The move away from traditional television viewing is gathering pace as consumers move to streaming- video services in droves with Google and Netflix the biggest beneficiaries of the trend.
Viewers have been moving to streaming from the traditional cable TV services model in moderate numbers for some time now, but the pace has perceptively gathered momentum in the first half of this year.
Devices such as Google Chrome and others give viewers the ability to watch streamed content on full television screens, the same as any cable network can offer. Google’s chief business officer, Omid Kordestani, speaking on Thursday during the second quarter earnings report said, “YouTube reaches more 18 to 49 year olds in the U.S. than any U.S. cable network.”
Interestingly, Google executives push the growing viewership aspect over that of cable television as a means of increasing YouTube advertising revenues in efforts to draw the big money advertisers from cable television service providers.
Netflix benefits equally from the streaming devices that can turn any mobile into the link between the video or other content streamer service and a television set, providing a first rate service to subscribers.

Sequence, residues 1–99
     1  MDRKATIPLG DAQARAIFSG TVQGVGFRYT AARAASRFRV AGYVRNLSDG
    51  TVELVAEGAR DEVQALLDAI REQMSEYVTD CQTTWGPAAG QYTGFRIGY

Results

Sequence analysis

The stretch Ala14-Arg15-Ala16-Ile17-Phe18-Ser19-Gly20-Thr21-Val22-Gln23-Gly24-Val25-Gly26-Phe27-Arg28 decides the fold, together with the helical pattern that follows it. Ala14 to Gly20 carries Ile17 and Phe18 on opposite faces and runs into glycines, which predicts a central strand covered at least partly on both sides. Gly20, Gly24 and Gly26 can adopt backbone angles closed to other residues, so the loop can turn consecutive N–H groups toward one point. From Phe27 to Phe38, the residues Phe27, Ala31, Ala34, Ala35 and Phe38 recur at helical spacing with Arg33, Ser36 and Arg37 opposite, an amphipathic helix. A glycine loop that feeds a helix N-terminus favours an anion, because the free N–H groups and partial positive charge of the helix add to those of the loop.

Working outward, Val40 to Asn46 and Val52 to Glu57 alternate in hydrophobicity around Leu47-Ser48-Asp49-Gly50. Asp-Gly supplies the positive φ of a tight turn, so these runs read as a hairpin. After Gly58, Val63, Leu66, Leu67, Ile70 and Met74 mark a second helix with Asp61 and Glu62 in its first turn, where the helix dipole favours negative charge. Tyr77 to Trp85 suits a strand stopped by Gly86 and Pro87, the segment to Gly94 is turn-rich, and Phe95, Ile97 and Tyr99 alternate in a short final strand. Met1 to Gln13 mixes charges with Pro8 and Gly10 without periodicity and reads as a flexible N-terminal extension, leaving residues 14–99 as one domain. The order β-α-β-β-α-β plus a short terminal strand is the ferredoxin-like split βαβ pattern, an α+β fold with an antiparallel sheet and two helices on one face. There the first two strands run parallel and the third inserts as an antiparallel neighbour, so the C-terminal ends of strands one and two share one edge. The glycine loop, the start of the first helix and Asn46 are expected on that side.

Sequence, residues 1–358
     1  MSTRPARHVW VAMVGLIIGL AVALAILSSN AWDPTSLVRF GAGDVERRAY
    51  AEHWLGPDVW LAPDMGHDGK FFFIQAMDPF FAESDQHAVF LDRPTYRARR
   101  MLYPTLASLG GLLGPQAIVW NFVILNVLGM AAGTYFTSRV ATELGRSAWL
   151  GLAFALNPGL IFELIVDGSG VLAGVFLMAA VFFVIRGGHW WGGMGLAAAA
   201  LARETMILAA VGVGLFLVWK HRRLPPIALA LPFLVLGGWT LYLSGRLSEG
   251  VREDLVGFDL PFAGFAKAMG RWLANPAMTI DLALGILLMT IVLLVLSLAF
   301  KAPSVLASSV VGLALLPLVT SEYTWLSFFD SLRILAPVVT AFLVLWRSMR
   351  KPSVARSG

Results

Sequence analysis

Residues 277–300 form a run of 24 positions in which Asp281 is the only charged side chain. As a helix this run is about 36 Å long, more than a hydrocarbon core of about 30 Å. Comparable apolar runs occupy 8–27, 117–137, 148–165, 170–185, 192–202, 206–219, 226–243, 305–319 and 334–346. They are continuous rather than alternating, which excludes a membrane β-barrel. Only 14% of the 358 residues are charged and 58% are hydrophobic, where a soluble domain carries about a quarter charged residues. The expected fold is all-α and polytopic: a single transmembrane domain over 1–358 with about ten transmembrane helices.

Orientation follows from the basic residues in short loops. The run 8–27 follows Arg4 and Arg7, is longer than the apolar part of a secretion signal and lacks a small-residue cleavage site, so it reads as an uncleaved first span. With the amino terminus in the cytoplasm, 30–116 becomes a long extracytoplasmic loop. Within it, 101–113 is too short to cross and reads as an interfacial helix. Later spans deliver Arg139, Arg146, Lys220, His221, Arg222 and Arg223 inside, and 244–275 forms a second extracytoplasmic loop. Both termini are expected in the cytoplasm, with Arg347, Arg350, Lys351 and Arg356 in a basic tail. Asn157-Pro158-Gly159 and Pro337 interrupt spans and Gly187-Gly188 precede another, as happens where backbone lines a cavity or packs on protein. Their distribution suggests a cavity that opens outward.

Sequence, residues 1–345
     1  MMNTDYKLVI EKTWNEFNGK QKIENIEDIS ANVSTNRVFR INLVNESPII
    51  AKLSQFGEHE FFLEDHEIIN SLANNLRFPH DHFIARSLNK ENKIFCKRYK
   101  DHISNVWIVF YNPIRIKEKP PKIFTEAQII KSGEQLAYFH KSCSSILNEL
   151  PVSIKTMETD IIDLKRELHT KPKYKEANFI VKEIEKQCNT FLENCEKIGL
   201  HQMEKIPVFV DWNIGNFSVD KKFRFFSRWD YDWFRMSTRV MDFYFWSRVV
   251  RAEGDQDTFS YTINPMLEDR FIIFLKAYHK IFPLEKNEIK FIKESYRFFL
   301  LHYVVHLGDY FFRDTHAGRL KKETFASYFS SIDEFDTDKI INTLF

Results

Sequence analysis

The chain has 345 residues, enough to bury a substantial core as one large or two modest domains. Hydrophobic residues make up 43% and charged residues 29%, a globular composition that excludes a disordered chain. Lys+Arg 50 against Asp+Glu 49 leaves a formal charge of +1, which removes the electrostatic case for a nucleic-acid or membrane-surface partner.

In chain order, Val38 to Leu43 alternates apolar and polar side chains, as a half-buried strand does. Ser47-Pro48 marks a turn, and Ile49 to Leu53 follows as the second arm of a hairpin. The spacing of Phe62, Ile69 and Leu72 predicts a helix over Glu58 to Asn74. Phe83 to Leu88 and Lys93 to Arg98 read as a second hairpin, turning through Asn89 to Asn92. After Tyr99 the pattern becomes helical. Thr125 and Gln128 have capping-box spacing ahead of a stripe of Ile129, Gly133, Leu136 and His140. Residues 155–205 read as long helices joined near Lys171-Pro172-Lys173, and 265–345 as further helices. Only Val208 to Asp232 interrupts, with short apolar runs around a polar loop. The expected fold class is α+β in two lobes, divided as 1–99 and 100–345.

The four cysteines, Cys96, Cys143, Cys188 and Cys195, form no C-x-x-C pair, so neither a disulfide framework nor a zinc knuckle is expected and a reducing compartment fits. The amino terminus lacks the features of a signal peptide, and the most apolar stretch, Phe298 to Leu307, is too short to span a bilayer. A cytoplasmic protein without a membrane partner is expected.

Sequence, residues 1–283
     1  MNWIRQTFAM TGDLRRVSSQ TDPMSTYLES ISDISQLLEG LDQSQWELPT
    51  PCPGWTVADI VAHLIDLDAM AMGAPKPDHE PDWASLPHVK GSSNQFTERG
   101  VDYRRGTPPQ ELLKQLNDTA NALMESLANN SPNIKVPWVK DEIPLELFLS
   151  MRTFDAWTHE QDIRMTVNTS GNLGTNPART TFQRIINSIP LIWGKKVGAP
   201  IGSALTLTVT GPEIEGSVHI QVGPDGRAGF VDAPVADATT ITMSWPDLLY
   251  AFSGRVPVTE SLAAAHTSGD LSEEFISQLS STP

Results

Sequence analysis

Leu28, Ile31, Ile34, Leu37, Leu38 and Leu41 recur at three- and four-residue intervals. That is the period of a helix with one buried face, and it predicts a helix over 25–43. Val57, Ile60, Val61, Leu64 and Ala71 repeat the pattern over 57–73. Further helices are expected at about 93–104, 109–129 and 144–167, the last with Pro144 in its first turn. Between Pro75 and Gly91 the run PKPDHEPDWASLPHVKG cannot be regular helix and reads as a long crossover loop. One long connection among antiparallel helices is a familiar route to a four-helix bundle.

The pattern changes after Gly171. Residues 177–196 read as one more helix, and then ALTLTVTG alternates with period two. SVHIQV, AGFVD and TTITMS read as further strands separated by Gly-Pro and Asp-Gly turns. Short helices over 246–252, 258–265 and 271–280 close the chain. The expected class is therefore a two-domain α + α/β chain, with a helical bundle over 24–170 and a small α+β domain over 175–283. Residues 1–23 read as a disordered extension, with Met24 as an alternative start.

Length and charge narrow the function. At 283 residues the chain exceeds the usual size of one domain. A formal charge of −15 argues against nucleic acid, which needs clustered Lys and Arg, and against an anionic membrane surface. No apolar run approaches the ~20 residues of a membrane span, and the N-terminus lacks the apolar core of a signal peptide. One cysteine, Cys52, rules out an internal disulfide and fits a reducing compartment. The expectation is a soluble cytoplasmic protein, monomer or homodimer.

In line with the reported big increase in YouTube viewers, Netflix reported an increase of 30% in its streaming customers with an additional 3.3 million new subscribers, giving a total of more than 65 million worldwide.
While both YouTube and Netflix are in the business of streaming movies and other content to viewers, their approach diverges in a number of important areas.
YouTube relies on advertising while Netflix sells subscriptions in order to raise revenue. This means that YouTube is more dependent on viewer time in order to calculate advertising charges while Netflix is more focused on increasing the number of viewers.
Netflix relies on the upfront cost of the purchase of viewing rights and the manufacture of its own original material to provide the content for its subscribers. YouTube on the other hand relies on user-generated content, splitting the advertising revenue with the user based on viewer time.
Both business models seem to be succeeding equally with Netflix and then Google delivering strong results in their quarterly reports published last week.
J.P. Morgan analyst Doug Anmuth wrote in a note on Thursday, “We believe Netflix is on track toward significantly disrupting the linear TV market through strong subscriber growth and better consumer proposition.” The same sentiment could apply equally to YouTube as its number of viewer hours continues to grow.